Using the Nafziger order of battles we can easily assign the number of battalions and squadrons for each side, but is this a route we want to take with the administration? Aside from Prince Charles and Daun, there were two or three other independent commands; Hadik and Marshal who shielded the operations against Frederick’s return and later Nádasdy operations. Likewise, after Frederick’s departure to the west, the Prussian defense was left in the hands of Bevern with Winterfeld assisting.
Keeping the administration simple was a high priority, as I did not want the campaign to die a quiet death due to paper work. The simplest approach is to look at the armies of the period and how they were deployed; by line of battle and by wing. The first line would comprise the best troops, musketeers, Grenadiers, Cuirassiers and the like. The second line would have supporting troops, but these would number less battalions and squadrons and finally, the third line would hold reserve formations of cavalry and infantry. Each line was subdivided into “wings”; the first line comprised of left wing cavalry, left wing infantry, right wing infantry, and right wing cavalry. The second and third lines following similar subdivisions. In some armies we read a “center” as an additional grouping. Lots of generals in need of employment.
Moving 80,000 troops into hostile country was done in columns similar to the formations that would be deployed on the battlefield. So as we approached the theater of war, our army would move in three columns with an extra column for baggage. The nearer the approach to the enemy, an extra column comprising of 1st line left and right wing cavalry would shield the army. Naturally, light troops would extend that shield further out.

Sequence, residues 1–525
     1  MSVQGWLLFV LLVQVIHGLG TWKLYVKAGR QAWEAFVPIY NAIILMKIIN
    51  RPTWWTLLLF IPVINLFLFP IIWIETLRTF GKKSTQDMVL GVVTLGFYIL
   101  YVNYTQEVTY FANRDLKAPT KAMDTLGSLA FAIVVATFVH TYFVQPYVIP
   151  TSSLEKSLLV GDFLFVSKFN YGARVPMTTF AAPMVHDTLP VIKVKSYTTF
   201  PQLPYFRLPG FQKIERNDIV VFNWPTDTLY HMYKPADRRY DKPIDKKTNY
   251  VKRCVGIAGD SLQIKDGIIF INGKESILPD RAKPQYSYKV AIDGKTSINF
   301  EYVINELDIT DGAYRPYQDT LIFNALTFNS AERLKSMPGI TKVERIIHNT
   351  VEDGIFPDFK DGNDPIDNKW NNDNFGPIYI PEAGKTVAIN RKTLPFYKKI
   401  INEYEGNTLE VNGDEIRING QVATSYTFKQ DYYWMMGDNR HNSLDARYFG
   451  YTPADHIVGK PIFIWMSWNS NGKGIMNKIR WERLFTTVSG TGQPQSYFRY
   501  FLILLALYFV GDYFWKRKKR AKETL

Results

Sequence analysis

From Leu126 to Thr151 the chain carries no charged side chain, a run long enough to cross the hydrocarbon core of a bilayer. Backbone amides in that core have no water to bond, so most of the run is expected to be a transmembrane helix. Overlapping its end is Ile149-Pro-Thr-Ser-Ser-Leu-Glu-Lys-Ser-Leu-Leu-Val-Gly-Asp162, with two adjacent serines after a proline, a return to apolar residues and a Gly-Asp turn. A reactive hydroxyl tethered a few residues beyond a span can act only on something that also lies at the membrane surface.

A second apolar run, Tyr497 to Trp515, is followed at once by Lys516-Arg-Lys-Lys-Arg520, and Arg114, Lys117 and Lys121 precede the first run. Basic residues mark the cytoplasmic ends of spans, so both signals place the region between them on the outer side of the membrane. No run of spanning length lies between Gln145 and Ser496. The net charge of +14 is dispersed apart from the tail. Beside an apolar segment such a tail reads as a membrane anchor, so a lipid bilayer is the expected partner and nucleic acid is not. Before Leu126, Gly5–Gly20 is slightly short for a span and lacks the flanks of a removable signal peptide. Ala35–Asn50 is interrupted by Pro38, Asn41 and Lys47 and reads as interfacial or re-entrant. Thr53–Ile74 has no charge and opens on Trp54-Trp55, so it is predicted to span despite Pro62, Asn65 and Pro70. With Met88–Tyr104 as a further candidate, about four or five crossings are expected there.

I have linked the order of battle of the French forces at Rossbach which is well known to most enthusiasts of the Seven Years War. If you look at the right wing cavalry of the first and second lines, these took the initial attack of the Prussian cavalry under Seydlitz.
Battle of Rossbach
Take also note of the position of the famed “brick wall”, the Swiss regiments.
For our purposes, we will note the commanders of these “wings” as moving from point A to B. The order of battle for each wing is known, as is their placement in camp. The only additional information required for record keeping is the time of departure and the direction. The 80,000 troops I refer to were Prince Charles and Marshal Daun’s total forces at Zittau on June 30, 1757. These were organized in 24 brigades of infantry and 22 brigades of cavalry, exclusive the number of light troops. As you can read, this would not be an easy task to note the movement of all the brigades.
The next step is to annotate our map with the garrisons at Breslau, Neisze, Schweidnitz, Glogau, Brieg, Glatz, Kosel and Liegnitz and the great camps of Prince Charles and Frederick.
Next posting, the opening moves.